• You can decide to replace your whole ethernet driver package (/System/Library/Extensions/IONetworkingFamily.kext) with the Tiger variant. I've done this and it worked well for me.
  • Or you can replace only the driver of your NIC. This might not work, I've not tested it.
You may select the strategy based on what sources you've available too. To replace the whole IONetworkingFamily.kext, you'll need an original Tiger install DVD (only Disc#1). To replace just the driver (the IONetworkingFamily.kext plugin) with the Tiger version, you've to know which Leopard network driver to replace and with which Tiger driver. Here comes the PCI ID into the game: you can find the proper Tiger driver by looking for the PCI ID in the Contents/Info.plist files of the various drivers (IONetworkingFamily.kext plugins). The PCI ID can have a number of forms in these files. Check out this page for a list of possible formats to look for. If you've got both driver names, then back up the original driver of your NIC and extract the Tiger driver from the Tiger update DMG of your choice. Instructions on these will follow later.

I've chosen to go with method#1, thus replacing the complete IONetworkingFamily.kext with the Tiger variant. My install DVD contains 10.4.10 of Mac OS X Tiger. This is important since the NIC driver might have got updated in later Tiger versions (updates). There's a list of various Tiger versions at Wikipedia. You'll also find in this list a link to the download page of all these updates. I've downloaded each of them (starting with 10.4.1 and ending with 10.4.11) and made a list of the updated network drivers (ie. IONetworkingFamily plugins) in each version:
  • 10.4.3: AppleBCM5701Ethernet.kext, AppleGMACEthernet.kext
  • 10.4.6: AppleYukon.kext
  • 10.4.7: AppleYukon.kext
  • 10.4.8: AppleBCM5701Ethernet.kext, AppleIntel8254XEthernet.kext, AppleYukon.kext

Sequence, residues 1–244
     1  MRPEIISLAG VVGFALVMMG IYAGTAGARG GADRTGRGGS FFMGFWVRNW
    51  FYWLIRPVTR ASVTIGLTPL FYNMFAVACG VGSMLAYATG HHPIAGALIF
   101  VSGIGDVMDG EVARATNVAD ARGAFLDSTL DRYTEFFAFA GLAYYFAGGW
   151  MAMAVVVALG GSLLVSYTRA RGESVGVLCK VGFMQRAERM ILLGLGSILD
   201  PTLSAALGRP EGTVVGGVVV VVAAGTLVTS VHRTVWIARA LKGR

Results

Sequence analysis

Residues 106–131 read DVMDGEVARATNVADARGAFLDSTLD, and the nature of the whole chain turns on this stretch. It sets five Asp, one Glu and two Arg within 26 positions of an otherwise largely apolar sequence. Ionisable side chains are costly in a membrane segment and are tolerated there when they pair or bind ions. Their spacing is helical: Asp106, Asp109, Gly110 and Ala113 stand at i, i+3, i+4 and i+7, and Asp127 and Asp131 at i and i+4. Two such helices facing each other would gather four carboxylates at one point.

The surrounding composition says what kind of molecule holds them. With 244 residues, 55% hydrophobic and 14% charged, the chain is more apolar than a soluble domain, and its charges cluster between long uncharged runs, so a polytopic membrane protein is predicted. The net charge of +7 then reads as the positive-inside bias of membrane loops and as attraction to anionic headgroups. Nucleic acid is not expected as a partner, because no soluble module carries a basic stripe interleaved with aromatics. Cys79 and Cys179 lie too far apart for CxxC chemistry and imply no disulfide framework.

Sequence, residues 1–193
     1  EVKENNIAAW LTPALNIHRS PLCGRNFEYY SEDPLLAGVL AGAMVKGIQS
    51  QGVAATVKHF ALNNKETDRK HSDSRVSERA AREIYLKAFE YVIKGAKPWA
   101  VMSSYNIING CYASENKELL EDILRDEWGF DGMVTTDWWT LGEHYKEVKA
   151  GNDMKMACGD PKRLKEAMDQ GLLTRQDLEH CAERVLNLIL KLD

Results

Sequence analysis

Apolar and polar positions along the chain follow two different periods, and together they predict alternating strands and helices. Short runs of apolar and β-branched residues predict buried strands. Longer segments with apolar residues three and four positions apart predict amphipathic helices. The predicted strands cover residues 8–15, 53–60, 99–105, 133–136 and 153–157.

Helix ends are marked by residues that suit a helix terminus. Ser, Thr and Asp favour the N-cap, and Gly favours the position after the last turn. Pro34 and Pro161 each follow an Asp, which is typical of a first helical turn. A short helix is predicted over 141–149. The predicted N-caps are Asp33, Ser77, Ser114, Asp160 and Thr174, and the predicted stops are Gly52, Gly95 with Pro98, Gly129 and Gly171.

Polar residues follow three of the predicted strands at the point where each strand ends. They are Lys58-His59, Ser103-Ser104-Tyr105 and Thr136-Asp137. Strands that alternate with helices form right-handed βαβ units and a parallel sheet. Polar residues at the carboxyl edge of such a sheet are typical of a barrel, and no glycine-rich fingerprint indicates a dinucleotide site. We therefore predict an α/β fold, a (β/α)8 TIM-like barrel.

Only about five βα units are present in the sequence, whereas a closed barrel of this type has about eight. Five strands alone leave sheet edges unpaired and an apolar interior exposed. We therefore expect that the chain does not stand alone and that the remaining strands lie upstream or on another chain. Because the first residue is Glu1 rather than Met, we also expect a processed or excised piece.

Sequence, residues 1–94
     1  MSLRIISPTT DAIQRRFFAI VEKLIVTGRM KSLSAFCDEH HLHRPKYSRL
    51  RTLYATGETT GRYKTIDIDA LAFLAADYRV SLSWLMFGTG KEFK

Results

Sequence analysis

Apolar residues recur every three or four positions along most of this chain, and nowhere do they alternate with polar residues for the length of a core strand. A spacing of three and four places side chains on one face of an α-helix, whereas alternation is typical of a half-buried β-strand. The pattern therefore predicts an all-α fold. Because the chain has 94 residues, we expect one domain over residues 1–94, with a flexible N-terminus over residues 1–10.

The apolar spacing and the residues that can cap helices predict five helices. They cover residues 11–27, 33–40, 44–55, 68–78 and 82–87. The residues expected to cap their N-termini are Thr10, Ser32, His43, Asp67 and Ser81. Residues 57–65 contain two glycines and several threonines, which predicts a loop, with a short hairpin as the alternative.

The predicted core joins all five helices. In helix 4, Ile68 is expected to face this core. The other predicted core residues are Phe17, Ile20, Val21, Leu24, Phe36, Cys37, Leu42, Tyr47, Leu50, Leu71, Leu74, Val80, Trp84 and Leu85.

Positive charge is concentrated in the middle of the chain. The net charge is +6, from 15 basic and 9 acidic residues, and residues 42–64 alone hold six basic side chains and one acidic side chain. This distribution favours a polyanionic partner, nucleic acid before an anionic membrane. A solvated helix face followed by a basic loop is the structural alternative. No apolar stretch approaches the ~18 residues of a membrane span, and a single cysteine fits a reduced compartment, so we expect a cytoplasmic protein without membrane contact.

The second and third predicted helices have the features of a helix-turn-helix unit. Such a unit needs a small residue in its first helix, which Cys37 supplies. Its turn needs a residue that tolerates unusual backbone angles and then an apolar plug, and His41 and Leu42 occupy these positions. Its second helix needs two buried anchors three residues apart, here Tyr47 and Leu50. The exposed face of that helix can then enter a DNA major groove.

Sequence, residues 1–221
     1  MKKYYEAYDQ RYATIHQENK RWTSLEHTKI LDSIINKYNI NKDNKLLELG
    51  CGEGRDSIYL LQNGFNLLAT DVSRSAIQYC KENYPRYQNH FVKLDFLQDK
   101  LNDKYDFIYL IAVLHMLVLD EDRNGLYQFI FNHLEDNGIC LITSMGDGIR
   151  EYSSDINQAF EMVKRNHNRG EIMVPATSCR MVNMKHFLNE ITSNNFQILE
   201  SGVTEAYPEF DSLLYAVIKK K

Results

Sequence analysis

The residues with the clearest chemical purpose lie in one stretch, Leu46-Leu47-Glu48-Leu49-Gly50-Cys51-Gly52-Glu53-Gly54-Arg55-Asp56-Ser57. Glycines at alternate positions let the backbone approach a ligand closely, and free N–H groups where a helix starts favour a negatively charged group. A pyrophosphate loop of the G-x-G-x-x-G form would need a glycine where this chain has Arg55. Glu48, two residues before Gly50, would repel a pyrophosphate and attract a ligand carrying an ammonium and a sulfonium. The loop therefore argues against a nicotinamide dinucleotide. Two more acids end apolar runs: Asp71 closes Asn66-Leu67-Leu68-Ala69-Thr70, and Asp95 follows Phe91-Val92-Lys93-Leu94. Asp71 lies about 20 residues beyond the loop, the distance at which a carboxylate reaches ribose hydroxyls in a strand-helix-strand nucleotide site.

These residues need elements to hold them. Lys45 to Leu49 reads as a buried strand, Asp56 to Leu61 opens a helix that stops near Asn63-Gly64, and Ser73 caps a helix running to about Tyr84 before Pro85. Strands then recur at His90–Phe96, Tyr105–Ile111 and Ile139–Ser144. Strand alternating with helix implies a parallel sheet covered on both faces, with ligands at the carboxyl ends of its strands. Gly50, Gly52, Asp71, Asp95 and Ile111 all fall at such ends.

• 10.4.9: AppleBCM5701Ethernet.kext, AppleIntel8254XEthernet.kext, AppleYukon.kext, AppleYukon2.kext
  • 10.4.10: AppleIntel8254XEthernet.kext
  • 10.4.11: AppleIntel8254XEthernet.kext, AppleYukon.kext
The complete list of Tiger IONetworkingFamily drivers is this:
  • Apple3Com3C90x.kext
  • AppleBCM440XEthernet.kext
  • AppleBCM5701Ethernet.kext
  • AppleBMacEthernet.kext
  • AppleDP83816Ethernet.kext
  • AppleGMACEthernet.kext
  • AppleIntel8254XEthernet.kext
  • AppleIntel8255x.kext
  • AppleRTL8139Ethernet.kext
  • AppleRTL8169Ethernet.kext
  • AppleYukon.kext
  • AppleYukon2.kext
  • Apple_DEC21x4Ethernet.kext
So the following drivers never got an update:
  • Apple3Com3C90x.kext
  • AppleBCM440XEthernet.kext
  • AppleBMacEthernet.kext
  • AppleDP83816Ethernet.kext
  • AppleIntel8255x.kext
  • AppleRTL8139Ethernet.kext
  • AppleRTL8169Ethernet.kext
  • Apple_DEC21x4Ethernet.kext
These kexts are not officially (ie. from Apple) and publicly available and downloadable, so you can get them only from an install DVD.

In my case the AppleYukon.kext got the following updates (I list the Tiger update version and the AppleYukon driver version):
  • 10.4.6: 1.0.2b9
  • 10.4.7: 1.0.6b4
  • 10.4.8: 1.0.7b3
  • 10.4.9: 1.0.11b2
  • 10.4.11: 1.0.12b1
My Tiger install DVD (since it's v10.4.10) contains AppleYukon v1.0.11b2 and in Tiger v10.4.11 an update came out. So I've fetched the complete IONetworkingFamily.kext from the install DVD and updated it with the IONetworkingFamily.kext from the 10.4.11 update.

Now let's assume you've your Tiger install DVD mounted under "/Volumes/Mac OS X Install Disc 1".

Here're the commands to back up your current IONetworkingFamily.kext and extract the Tiger version from the DVD:
sudo -s
cd /System/Library
mkdir Extensions.Backup
mv Extensions/IONetworkingFamily.kext Extensions.Backup/IONetworkingFamily.kext.original